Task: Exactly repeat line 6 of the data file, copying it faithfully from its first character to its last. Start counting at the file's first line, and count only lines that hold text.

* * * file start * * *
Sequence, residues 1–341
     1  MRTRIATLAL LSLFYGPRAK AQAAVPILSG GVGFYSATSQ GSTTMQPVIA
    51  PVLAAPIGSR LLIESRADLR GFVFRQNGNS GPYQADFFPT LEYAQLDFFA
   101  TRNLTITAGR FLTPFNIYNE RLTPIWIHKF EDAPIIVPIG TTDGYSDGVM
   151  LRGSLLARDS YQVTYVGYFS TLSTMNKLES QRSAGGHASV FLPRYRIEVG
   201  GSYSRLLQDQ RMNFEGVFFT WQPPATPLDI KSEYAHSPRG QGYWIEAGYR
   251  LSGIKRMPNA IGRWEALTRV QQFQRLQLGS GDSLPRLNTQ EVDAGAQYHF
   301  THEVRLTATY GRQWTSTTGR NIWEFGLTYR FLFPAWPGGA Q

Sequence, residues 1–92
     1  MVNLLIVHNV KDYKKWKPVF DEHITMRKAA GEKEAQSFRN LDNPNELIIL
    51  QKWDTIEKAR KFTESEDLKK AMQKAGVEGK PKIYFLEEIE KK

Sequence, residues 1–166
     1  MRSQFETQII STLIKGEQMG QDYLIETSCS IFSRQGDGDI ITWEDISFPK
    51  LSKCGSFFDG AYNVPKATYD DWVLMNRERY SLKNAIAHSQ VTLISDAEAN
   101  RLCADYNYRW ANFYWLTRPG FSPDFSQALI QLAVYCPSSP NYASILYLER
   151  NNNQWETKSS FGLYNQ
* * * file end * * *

   201  GSYSRLLQDQ RMNFEGVFFT WQPPATPLDI KSEYAHSPRG QGYWIEAGYR